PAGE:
Pink eye, or conjunctivitis, may present as one or both eyes looking red and becoming irritated. Other symptoms can include discharge, increased tearing, and crusting.

”Pink eye” is the nonclinical term for conjunctivitis. It is a type of eye inflammation that affects the conjunctiva, which is the thin, moist membrane covering the white of the eyes and the inner eyelids.

Conjunctivitis can be present in one eye or both. It is common and does not always require a visit to the doctor.

This article explores the types of conjunctivitis and how to recognize symptoms.

Irritation of the conjunctiva can happen for different reasons. Four primary types of conjunctivitis exist, which doctors classify by cause:

  • bacterial — transmissible
  • viral — transmissible
  • allergic
  • irritant

Certain symptoms may be more common in specific types of conjunctivitis, but general symptoms include:

Bacterial symptoms

Bacterial conjunctivitis often causes thick discharge, or pus, in and around the eye. It can cause the eyelids to stick together and may occur alongside an ear infection.

Although it is usually not painful, bacterial conjunctivitis can seem alarming due to excessive yellow-green discharge.

Viral symptoms

More watery discharge is associated with viral conjunctivitis. This typically starts in one eye, spreading to the second eye over a few days. It may coincide with a respiratory infection such as flu.

A person will also usually experience swollen lymph nodes in front of their ears.

Pain, light sensitivity, and redness are more prevalent in viral infections.

Allergic symptoms

When an allergy causes conjunctivitis, both eyes are usually affected. Itching, swelling, and excessive tearing are common symptoms. Discharge tends to remain clear.

Learn more about allergic conjunctivitis.

Irritant symptoms

Foreign bodies, eye trauma, and chemical exposure are all examples of irritants that can cause conjunctivitis.

Symptoms tend to be redness, swelling, and excessive tearing.

It is possible to have a stye and conjunctivitis at the same time, but they are separate conditions.

Conjunctivitis is irritation of the conjunctiva. It is often a type of infection, but not always. Conjunctiva irritation can also occur due to noninfectious agents, such as allergens and irritants.

Styes are pustules of infection that form in the glands of the eyelid. They only affect the eyelid they develop in, whereas conjunctivitis involves both lids and the white of the eye.

Learn more about styes.

With so many potential causes, there is no singular test for conjunctivitis. Doctors typically diagnose conjunctivitis by visually assessing a person’s symptoms. They also ask about a person’s eye health history and whether they have associated symptoms.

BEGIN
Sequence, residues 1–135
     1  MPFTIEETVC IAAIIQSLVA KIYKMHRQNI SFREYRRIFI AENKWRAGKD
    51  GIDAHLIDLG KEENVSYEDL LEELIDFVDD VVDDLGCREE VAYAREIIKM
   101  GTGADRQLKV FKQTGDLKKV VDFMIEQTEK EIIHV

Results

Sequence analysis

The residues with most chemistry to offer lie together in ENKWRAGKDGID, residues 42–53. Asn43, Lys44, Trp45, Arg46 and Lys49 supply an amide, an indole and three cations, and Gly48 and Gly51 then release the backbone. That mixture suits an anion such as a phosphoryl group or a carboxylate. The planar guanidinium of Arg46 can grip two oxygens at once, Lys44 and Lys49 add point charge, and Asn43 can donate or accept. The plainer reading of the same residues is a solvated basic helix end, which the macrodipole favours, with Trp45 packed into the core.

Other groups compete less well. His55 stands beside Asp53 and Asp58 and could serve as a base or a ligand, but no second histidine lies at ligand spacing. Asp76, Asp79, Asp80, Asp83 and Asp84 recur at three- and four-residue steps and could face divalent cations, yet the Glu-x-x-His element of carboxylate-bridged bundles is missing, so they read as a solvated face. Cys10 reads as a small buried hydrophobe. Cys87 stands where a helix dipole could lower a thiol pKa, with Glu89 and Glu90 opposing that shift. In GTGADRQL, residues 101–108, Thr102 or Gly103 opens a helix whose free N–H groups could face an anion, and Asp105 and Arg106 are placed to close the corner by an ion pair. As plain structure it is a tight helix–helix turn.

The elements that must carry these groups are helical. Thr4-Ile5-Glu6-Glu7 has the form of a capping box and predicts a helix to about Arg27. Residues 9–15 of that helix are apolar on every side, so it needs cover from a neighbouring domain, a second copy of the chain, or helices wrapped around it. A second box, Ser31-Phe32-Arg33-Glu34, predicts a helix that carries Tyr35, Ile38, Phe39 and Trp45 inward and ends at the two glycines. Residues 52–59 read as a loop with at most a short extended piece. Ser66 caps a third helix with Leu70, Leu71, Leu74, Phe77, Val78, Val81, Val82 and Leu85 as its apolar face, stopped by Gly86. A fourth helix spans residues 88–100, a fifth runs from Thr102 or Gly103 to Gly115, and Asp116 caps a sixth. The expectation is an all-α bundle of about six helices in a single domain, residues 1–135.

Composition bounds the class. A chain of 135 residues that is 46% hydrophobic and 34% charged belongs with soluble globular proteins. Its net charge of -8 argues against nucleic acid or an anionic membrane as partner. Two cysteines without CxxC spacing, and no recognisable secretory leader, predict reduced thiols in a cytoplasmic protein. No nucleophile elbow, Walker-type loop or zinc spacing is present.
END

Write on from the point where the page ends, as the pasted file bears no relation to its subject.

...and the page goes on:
In addition to assessing outward signs, physical eye tests help doctors evaluate the structures and function of the eye.

Doctors may use fluorescein eye stain to identify herpes simplex virus (HSV) when conjunctivitis occurs alongside a history of cold sores or other skin lesions. This involves using a nontoxic greenish-orange dye and UV light to look for abnormalities on the usually smooth corneal surface.

In severe cases, or when conjunctivitis is chronic, conjunctival tissue scrapings may also be necessary.

Conjunctivitis treatment depends on the underlying cause, but most cases result from self-limiting viruses, which resolve on their own within 1–2 weeks.

Even though antibiotics are ineffective for viral conjunctivitis, symptom relief may still be possible using:

A doctor may prescribe topical steroid drops to reduce inflammation if symptoms are severe. If HSV causes conjunctivitis, a doctor may recommend antiviral therapy.

Antiviral medications include:

  • trifluridine 1% drops
  • ganciclovir 0.15% gel
  • oral acyclovir

Bacterial treatment

Doctors may prescribe antibiotic eye drops or ointments to treat bacterial conjunctivitis. A person must use them on the affected eye every 2–6 hours for up to 7 days. Antibiotics include:

Allergic treatment

Allergy avoidance is the primary treatment and prevention approach for allergic conjunctivitis. Other treatment approaches include topical medications such as:

Oral antihistamines and immune modulators may be necessary when allergic conjunctivitis is part of a more systemic reaction.

Cold compresses may be more soothing than warm compresses for allergic conjunctivitis.

Read more about infective conjunctivitis, including prevention.

Most conjunctivitis cases are easy to treat, self-limiting, and leave no lasting damage to the eye.

The Centers for Disease Control and Prevention state that people with conjunctivitis symptoms may wish to avoid close contact with others to avoid transmitting the infection.

Conjunctivitis is irritation to the eye’s conjunctiva. It is typically self-limiting and resolves within 2–3 weeks.

The main symptoms include redness, itching, burning, discharge, and eye crusting. Causes include bacterial or viral infection or an allergic reaction to an allergen, such as pollen or mold spores.

Doctors may recommend eye drops to treat conjunctivitis and home remedies such as a cold or warm compress.